We used to have boots made to specifications. The boots today's fast bowlers wear are light, and that could also be a problem.
Clive Rice It is not about the workload. Just before I started playing, guys in England bowled 1600 overs in a county season. Guys today have it easy. The more you bowl, the better you become. Even when we were playing, there was a theory that we were playing too much. Playing in England, if you were not available to play all the time, with all the rain, you would not have played. If you had a sunny period then you bowled a lot of overs. You were tired, but you could only be pleasantly weary and you got on with it. And you learned. When you were bowling at Viv Richards or at Sunil Gavaskar, you told yourself not to bowl in the wrong spots, because otherwise you would disappear.
I am not sure why they are getting injured. Maybe they have moved on to playing on indoor pitches [in training], which have concrete bases that mess up your back. If there is a soil base, there is a bit more give.
It is up to the bowler to make sure he stays fit. A fast bowler, to me, is like a sprinter in athletics. You have got to be able to sprint, not just jog in to bowl. Then you can stand up to it. You see the guys with long run-ups, but you are not running 5000 metres. You have got to run in with a purpose.
Is speed overrated?
|"Anyone who is a fast bowler wants to bowl as fast as he can and bowl the magic 100mph delivery. But at the end of the day you have to have control, bowling at a good pace" Glenn McGrath|
Hadlee Speed isn't everything. But if you have natural speed with a good technique, it is a good asset to have. A lot of youngsters are either too full or too short. But once they start hitting that magical length, beating a batsman off a length, where the batsman is not sure whether to go forward or back and is crease-bound, that is when the fast bowler is going to be effective. It does not matter if he is then moving the ball in the air or off the track. You are creating three ways to get the batsman out: caught behind, lbw and bowled. If you are too full or too short, you are only giving yourself one chance.
McGrath My hero was Dennis Lillee. You look at the Windies teams of the 1970s and '80s - they were incredible, with all their fast bowlers running in, bowling like the wind. Anyone who is a fast bowler wants to bowl as fast as he can and bowl the magic 100mph delivery. But at the end of the day you still have to be consistent. You have to have control [while] bowling at a good pace. I tried to bowl as fast I could, but I had reasonable control, so that helped me.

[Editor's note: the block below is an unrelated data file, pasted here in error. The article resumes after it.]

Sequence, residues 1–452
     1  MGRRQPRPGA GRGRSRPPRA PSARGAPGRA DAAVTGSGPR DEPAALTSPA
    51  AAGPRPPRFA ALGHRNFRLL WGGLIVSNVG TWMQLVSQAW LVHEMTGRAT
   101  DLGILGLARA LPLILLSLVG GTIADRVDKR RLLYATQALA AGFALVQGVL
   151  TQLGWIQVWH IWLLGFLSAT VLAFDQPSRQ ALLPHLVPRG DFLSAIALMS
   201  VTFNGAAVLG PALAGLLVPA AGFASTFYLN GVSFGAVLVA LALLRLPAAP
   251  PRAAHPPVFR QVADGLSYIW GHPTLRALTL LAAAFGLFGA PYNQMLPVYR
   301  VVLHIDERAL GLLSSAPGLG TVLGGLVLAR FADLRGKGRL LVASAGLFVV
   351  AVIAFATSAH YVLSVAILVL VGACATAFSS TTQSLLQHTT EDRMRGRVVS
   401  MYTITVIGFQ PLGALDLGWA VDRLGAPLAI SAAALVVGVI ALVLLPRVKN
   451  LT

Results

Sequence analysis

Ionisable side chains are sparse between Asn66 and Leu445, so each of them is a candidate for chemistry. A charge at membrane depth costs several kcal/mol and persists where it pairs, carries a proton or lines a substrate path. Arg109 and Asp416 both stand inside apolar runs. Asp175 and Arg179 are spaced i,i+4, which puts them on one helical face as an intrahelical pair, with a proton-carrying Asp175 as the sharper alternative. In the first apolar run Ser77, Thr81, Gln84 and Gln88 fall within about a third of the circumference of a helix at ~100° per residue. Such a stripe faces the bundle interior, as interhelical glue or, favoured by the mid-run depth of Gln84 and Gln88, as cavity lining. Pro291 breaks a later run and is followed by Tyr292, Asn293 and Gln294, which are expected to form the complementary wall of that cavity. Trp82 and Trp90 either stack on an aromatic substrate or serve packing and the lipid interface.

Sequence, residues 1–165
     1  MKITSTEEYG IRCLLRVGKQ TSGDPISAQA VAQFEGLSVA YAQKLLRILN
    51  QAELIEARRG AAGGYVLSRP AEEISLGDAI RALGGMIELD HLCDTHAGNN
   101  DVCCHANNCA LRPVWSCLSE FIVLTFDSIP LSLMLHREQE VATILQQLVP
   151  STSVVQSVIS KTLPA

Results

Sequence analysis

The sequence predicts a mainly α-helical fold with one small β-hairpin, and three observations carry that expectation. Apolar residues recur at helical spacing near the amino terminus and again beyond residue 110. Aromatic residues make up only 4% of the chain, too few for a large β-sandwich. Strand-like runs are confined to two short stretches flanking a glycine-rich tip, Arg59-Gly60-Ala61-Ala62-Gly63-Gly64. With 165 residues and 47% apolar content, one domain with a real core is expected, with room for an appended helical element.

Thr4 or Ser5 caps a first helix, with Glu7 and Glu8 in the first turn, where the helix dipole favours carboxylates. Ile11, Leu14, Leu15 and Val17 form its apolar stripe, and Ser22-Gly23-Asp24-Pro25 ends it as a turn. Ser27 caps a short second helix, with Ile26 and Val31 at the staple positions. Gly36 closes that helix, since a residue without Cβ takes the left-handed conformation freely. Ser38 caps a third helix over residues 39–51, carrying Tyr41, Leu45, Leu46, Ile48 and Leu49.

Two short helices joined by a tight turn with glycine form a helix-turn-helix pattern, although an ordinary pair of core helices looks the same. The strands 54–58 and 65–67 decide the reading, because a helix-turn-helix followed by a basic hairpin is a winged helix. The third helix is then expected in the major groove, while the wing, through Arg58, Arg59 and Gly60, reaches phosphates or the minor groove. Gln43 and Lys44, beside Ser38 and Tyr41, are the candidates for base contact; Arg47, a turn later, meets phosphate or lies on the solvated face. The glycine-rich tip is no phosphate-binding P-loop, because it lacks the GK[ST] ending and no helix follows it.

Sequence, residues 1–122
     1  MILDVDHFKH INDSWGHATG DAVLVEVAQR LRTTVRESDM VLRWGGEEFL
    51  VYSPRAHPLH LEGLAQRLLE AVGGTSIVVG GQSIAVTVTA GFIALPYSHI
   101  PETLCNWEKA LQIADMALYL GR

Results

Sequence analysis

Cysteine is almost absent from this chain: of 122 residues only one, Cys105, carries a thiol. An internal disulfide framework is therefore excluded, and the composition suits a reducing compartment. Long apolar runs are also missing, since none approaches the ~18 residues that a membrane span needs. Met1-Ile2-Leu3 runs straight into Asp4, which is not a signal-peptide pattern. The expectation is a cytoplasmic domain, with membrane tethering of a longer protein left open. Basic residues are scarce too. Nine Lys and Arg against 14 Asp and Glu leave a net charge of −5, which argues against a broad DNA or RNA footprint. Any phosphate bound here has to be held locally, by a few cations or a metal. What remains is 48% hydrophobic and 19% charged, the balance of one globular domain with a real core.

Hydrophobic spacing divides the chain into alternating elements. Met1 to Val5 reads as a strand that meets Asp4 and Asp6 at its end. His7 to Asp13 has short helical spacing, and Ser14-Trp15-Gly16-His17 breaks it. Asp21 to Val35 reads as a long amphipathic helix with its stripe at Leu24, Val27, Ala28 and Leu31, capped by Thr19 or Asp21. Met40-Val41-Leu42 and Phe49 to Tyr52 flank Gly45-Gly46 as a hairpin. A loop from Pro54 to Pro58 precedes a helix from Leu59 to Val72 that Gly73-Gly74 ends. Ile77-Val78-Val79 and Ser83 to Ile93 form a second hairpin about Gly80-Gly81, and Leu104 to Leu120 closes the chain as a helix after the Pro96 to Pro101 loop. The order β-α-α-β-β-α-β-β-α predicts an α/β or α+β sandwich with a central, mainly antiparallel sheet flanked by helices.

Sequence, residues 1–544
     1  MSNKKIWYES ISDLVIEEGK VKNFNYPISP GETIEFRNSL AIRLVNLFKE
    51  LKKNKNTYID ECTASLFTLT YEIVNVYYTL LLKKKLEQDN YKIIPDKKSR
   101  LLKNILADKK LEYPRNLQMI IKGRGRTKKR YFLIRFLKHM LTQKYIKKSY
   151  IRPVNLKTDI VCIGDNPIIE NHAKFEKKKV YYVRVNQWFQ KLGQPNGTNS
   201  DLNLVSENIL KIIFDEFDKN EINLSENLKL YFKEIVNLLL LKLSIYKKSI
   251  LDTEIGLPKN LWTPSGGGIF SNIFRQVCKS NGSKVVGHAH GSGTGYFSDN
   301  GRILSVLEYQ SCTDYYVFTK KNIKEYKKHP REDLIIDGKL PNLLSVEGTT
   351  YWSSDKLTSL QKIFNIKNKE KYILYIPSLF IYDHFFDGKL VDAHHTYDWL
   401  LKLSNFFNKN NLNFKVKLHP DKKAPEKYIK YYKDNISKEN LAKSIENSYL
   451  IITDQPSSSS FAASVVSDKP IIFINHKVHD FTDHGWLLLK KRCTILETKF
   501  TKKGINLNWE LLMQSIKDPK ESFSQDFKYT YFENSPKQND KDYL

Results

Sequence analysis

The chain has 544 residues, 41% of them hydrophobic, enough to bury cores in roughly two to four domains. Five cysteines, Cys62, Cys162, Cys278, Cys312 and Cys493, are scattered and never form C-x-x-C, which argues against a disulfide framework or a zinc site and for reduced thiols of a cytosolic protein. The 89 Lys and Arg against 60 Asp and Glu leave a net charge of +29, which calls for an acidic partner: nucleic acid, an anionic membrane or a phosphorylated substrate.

Rice Everyone likes to bowl 90mph. And if you do bowl that sort of speed, the guys batting are under a great deal of pressure because of the speed at which it is coming. It is like driving a Formula 1 car to driving a salon car - there is a huge difference. So the bowler should find out how quick he actually he is, and then when he finds what this top pace is, he should settle down. Vary your pace by bowling 90% and 100%.
Are fast bowlers over-coached?
Ambrose Back in my time I was never really coached, per se. I learned my craft as I went along. And because I am a very, very proud person I wanted to be the best at what I do. I wanted my team to be the best. So I was forced to learn and learn quickly. But I believe guys should be coached, because when you are in the middle you [the bowler] do not see everything. When you are playing, you focus on some things, but you do not readily see the mistakes. That is where the coach comes in. The coach can point out the mistakes that you make and tries to correct them.
But we tend to rely too much on technology when coaching. I am not saying you cannot use it, but sometimes technology is overused. Whatever you put in the computer is what it gives out. The best form of coaching is in the nets. You can go on a computer and map out strategies about getting batsmen out, and everything looks perfect. But when you go in the middle, it is a different ball game altogether. What happens if the batsman decides to change his way of batting?